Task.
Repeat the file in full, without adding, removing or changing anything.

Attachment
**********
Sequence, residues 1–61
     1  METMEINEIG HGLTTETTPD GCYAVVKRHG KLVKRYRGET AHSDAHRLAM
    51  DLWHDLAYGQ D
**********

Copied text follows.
Sequence, residues 1–61
     1  METMEINEIG HGLTTETTPD GCYAVVKRHG KLVKRYRGET AHSDAHRLAM
    51  DLWHDLAYGQ D